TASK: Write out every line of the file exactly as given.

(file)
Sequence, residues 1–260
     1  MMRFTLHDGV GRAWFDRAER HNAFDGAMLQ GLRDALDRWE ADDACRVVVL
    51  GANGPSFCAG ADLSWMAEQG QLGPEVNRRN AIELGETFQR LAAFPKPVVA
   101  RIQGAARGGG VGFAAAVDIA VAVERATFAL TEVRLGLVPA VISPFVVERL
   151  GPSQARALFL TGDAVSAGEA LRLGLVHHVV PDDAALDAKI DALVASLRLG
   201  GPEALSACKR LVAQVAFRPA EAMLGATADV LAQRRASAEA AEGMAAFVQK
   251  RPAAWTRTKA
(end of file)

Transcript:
Sequence, residues 1–260
     1  MMRFTLHDGV GRAWFDRAER HNAFDGAMLQ GLRDALDRWE ADDACRVVVL
    51  GANGPSFCAG ADLSWMAEQG QLGPEVNRRN AIELGETFQR LAAFPKPVVA
   101  RIQGAARGGG VGFAAAVDIA VAVERATFAL TEVRLGLVPA VISPFVVERL
   151  GPSQARALFL TGDAVSAGEA LRLGLVHHVV PDDAALDAKI DALVASLRLG
   201  GPEALSACKR LVAQVAFRPA EAMLGATADV LAQRRASAEA AEGMAAFVQK
   251  RPAAWTRTKA